Standardized testing: Relic of the past or necessary benchmark?

March 8, 2022

Alina Susani

Pressures from the pandemic and questions about equity and education have precipitated rapid changes to the world of standardized testing for college admissions. The College Board, creator of the SAT, has eliminated subject tests and will transition to a shorter, digital format; an increasing number of colleges are going test-optional or test-blind; and recent admissions cheating scandals have prompted more scrutiny on standardized testing. As popular and economic forces efface the importance of standardized testing, should these tests become a relic of the past or instead will they be renewed as important universal academic benchmarks?

Colleges should adopt a test-optional policy in favor of grade point average for evaluation

When entering my SAT testing room, I already knew nearly everything that would be on the test. I didn’t just know the material, I could also predict the phrasing of the questions, the tricks that would be employed to throw me off and the order that would maximize my chance at getting a good score. All of this was because my parents could afford a private tutor who taught me everything I needed and gave me access to around eight full-length practice tests to master. My studying had nothing to do with learning reading, writing or math skills, and everything to do with learning how to game the SAT.

My experience suggested that standardized tests can only measure how good you are at taking that particular standardized test. Students who come from a family with an annual income greater than $200,000, have a one-in-five chance of scoring above 1,400, according to the Hechinger Report, a nonprofit journalism organization covering education. In comparison, students from poor families have a 1-in-50 chance. Practicing the test even once has a substantial positive effect on the overall score, according to the College Board’s internal data. A testing-based college admissions system ultimately serves to help students with wealthy families get into elite colleges and preserve their wealth.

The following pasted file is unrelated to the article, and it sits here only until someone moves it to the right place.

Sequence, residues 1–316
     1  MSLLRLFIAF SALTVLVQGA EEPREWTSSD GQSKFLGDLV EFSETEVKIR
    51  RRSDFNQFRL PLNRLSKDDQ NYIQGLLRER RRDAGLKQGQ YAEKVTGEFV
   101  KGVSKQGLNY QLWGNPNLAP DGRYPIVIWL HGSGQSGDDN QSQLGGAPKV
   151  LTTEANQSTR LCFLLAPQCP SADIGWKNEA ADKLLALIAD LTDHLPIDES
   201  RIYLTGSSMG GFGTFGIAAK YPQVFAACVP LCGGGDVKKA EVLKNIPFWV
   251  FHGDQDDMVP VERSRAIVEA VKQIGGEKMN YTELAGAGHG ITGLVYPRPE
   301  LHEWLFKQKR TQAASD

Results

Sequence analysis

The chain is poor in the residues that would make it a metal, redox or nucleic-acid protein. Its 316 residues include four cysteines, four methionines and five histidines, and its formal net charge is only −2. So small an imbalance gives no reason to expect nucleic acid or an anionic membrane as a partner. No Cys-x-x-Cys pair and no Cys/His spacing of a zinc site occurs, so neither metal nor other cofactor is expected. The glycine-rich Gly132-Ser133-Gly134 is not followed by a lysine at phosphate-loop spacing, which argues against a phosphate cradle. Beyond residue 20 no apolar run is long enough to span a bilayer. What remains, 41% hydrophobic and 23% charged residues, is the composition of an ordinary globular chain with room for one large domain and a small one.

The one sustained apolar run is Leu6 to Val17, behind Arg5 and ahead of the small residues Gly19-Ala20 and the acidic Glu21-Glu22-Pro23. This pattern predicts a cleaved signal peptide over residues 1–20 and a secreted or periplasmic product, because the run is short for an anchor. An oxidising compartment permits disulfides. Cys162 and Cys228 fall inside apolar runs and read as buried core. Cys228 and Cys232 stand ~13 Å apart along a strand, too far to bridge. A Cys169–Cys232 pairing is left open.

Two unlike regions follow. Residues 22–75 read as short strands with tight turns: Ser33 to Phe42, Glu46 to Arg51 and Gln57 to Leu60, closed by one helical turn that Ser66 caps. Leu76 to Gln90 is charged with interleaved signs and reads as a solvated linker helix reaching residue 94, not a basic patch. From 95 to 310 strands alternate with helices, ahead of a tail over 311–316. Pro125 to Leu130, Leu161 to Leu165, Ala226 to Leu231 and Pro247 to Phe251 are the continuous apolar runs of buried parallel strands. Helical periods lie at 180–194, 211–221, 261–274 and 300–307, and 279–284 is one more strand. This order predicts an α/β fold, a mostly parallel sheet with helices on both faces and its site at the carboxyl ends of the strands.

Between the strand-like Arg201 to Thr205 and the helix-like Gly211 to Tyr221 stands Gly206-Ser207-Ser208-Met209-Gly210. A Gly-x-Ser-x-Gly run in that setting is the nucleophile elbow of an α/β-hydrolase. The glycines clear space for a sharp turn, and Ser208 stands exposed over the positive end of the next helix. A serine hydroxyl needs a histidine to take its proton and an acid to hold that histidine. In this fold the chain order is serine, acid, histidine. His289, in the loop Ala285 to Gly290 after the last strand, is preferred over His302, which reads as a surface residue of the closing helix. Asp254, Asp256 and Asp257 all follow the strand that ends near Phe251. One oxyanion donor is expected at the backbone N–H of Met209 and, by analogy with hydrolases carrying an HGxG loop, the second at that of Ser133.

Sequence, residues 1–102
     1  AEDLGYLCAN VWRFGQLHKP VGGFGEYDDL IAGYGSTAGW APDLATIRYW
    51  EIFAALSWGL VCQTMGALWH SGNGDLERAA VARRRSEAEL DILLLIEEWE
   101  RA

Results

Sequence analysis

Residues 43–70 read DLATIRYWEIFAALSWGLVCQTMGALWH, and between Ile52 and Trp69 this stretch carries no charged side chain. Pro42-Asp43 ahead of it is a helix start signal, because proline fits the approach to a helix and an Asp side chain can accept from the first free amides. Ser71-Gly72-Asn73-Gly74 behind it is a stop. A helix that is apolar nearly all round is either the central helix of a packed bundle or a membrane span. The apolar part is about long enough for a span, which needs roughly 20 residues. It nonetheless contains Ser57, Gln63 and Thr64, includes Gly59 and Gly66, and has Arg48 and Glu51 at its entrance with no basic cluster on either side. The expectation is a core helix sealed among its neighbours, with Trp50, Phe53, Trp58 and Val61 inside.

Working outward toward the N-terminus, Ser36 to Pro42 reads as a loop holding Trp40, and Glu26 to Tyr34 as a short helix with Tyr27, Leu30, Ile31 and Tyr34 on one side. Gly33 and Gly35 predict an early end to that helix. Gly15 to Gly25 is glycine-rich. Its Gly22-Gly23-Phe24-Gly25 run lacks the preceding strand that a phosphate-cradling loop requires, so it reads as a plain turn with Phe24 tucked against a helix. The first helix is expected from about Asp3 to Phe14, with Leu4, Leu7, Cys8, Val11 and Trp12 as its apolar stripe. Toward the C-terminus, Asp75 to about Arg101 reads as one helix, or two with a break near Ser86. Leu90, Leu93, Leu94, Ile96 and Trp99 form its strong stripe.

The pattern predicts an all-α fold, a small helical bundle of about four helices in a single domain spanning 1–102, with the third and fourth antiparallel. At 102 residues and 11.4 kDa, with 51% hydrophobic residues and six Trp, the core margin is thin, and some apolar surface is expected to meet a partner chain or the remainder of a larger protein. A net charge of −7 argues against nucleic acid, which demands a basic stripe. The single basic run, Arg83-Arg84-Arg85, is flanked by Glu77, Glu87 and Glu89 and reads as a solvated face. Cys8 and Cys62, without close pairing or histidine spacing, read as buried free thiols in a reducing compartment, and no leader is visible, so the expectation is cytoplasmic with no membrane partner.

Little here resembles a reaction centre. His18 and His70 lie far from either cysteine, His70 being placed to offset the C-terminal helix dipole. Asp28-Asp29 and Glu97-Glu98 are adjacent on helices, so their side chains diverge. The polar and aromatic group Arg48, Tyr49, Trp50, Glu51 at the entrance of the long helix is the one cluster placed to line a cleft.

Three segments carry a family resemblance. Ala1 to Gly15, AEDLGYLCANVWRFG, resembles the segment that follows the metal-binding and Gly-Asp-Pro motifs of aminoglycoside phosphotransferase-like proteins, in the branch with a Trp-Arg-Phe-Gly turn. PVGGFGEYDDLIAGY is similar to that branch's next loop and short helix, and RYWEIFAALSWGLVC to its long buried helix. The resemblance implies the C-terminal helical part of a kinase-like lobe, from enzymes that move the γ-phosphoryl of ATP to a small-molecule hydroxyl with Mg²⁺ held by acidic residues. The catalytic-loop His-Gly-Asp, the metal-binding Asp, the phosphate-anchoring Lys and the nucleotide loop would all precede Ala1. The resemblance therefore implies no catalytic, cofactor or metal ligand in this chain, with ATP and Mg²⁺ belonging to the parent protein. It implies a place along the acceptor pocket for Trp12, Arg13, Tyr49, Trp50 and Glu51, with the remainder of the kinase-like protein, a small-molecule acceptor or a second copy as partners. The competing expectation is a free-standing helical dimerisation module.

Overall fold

Primarily due to existing socioeconomic inequalities in American society, tests also overwhelmingly favor white, male applicants according to sociologist Joseph A. Soares. Although this reflects circumstances outside the test, the inequality puts into question the validity of tests which rely on the false assumption of equality. Thus, university claims of valuing diversity are irreconcilable with test mandatory policies, which reinforce racial inequality.

Advocates for mandatory testing policies claim that colleges need objective measurements to determine college readiness, so standardized tests are an imperfect necessity. Although it’s true that objective metrics are useful, the College Board’s data shows that high school grade point averages are more predictive of future college success than SAT scores. Social psychologist Claude Steele, also provost at the University of California, Berkeley, studied the issue and found the test only measured 18% of the skills necessary to do well in college, painting a dangerously reductive picture of readiness. 

The College Board argues that considering a student’s SAT score in conjunction with their GPA provides the most effective evaluation. To their credit, their data shows that considering SAT scores and GPA together improves prediction of college readiness by 8% in comparison to GPA alone. The company claims that considering standardized testing is valuable to address inconsistencies in difficulty of similar courses between schools and courseloads. However, admissions officers can and do correct for inconsistencies in academic rigor by comparing the course load and rigor in high school transcripts. Such an advantage is made further inconsequential by other methods of standardization, like Advanced Placement courses. 

Results from the last few years of test-optional policies have demonstrated that this analysis is accurate. A 2014 study published by the National Association of College Admissions Counselors showed that non-submitters have comparable academic performance to students who submit their scores. This indicates that test-optional policies don’t lead to students going to schools where they won’t succeed, nor do these policies dilute the quality of the student body. Instead, selective colleges saw the most diverse undergraduate bodies in American history, according to a 2021 study published by the American Education Research Association. Test-optional admissions isn’t a solution to end all educational inequality, but it’s a step in the right direction.

Test-blind policies, which eliminate standardized tests altogether, may also prove to be a good idea, but keeping the submission of test scores optional has some merit. A test-optional policy lets students with strong scores and test-taking skills submit them as a piece of supporting evidence for their admission, while allowing students with lower scores to compensate with strong transcripts, powerful essays and robust extracurriculars.